Salvadoran migrant Cesar Jobet, right, and Daniel Jeremias Cruz hide from U.S. border agents after they dug a hole in the sand under the border wall and crossed over to the U.S. side, in Playas de Tijuana, Mexico, Friday, Nov. 30, 2018. When the two youths were detected by agents they ran back to the Mexican side. (AP Photo/Ramon Espinosa)
A Honduran migrant walks with his son in his arms after jumping the U.S. border wall with plans to turn himself over to U.S. border patrol agents in order to apply for asylum, seen from Tijuana, Mexico, Thursday, Nov. 29, 2018. In twos or threes, or sometimes by the dozen, migrants arrive at the U.S. border wall and manage to cross over. (AP Photo/Ramon Espinosa)
A Honduran migrant walks with his son in his arms after jumping the wall to the U.S that separates Tijuana, Mexico and San Diego, in Tijuana, Mexico, Thursday, Nov. 29, 2018. Aid workers and humanitarian organizations expressed concerns Thursday about the unsanitary conditions at the sports complex in Tijuana where more than 6,000 Central American migrants are packed into a space adequate for half that many people and where lice infestations and respiratory infections are rampant. (AP Photo/Ramon Espinosa)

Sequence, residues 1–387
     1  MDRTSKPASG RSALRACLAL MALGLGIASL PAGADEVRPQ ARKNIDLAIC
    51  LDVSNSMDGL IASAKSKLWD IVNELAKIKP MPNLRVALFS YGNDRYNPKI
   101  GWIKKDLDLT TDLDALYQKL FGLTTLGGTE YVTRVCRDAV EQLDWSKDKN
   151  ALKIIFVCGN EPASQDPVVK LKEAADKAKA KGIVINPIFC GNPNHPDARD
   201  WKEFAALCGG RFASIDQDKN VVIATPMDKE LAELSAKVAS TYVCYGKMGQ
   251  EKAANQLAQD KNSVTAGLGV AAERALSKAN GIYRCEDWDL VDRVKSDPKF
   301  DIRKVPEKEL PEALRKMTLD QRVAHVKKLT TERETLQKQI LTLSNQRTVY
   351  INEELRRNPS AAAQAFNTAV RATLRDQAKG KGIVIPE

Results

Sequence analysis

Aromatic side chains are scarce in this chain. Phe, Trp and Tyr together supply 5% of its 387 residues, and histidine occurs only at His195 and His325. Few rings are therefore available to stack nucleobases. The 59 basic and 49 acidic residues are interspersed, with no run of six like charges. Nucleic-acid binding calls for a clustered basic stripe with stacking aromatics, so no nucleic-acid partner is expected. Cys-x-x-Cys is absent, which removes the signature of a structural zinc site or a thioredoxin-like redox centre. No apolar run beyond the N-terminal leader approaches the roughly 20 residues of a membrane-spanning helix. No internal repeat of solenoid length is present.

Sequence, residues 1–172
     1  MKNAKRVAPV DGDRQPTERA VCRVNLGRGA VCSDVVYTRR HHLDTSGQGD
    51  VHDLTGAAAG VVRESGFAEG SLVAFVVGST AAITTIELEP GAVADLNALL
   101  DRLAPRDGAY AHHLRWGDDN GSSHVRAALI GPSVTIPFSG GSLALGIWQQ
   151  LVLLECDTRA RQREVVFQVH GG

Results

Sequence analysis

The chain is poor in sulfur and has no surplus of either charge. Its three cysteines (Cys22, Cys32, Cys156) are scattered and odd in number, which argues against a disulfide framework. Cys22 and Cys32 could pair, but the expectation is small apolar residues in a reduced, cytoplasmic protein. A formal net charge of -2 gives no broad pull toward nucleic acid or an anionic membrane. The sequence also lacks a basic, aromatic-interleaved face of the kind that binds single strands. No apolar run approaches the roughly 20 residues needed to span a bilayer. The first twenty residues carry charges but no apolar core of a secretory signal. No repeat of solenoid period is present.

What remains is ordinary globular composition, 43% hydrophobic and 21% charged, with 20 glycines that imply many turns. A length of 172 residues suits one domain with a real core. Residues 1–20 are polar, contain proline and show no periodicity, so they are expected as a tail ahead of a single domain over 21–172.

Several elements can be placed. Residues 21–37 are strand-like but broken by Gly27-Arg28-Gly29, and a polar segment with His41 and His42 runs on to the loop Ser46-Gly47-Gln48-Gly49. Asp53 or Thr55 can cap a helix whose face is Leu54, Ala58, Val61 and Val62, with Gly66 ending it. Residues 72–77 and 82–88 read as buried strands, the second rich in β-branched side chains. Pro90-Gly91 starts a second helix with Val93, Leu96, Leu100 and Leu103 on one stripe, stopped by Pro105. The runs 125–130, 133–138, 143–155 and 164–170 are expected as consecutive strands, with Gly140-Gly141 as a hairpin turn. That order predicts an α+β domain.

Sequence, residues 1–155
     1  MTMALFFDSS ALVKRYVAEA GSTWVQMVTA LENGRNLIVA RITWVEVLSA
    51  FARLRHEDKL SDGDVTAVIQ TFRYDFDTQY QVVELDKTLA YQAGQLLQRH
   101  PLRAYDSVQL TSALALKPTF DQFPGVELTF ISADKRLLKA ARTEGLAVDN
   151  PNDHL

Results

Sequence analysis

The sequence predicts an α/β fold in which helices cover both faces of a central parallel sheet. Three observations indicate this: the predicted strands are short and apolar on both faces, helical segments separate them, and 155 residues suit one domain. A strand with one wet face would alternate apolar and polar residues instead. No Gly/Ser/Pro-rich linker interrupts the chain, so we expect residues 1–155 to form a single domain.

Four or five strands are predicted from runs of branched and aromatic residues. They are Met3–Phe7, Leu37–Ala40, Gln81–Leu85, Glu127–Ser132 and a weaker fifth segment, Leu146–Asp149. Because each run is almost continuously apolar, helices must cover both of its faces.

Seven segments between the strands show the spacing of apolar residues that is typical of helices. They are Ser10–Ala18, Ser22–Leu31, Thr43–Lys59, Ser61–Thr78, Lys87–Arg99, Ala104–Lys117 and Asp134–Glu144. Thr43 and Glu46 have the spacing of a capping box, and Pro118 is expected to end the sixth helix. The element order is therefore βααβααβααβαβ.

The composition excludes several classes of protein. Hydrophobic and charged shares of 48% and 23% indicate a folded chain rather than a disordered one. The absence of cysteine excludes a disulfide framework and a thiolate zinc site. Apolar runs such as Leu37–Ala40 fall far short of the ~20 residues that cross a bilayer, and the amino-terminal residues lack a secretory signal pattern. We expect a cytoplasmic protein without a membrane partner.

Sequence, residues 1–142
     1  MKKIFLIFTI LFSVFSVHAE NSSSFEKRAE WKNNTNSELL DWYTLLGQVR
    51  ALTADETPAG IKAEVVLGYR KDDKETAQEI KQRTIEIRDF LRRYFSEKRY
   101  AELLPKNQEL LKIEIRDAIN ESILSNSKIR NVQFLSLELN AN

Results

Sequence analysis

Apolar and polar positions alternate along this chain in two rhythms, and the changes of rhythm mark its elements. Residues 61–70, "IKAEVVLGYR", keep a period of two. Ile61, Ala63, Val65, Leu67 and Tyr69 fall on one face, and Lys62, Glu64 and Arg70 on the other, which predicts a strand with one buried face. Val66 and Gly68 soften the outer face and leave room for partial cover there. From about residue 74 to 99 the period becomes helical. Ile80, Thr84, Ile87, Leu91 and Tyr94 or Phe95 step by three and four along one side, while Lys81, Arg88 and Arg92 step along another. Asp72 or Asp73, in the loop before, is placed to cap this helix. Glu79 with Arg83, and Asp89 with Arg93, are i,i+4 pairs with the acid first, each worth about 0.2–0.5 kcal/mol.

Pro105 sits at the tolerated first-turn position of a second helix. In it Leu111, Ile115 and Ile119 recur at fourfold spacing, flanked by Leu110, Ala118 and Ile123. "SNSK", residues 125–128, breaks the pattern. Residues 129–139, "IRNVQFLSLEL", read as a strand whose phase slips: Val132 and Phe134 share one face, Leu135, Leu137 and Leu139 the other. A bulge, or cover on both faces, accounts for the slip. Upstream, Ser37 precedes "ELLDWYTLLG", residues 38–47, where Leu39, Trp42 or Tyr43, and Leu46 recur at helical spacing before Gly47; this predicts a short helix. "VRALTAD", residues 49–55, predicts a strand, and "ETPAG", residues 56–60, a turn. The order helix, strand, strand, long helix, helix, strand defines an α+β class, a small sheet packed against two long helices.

A Honduran migrant walks with his son in his arms after jumping the wall to the U.S that separates Tijuana, Mexico and San Diego, in Tijuana, Mexico, Thursday, Nov. 29, 2018. Aid workers and humanitarian organizations expressed concerns Thursday about the unsanitary conditions at the sports complex in Tijuana where more than 6,000 Central American migrants are packed into a space adequate for half that many people and where lice infestations and respiratory infections are rampant. (AP Photo/Ramon Espinosa)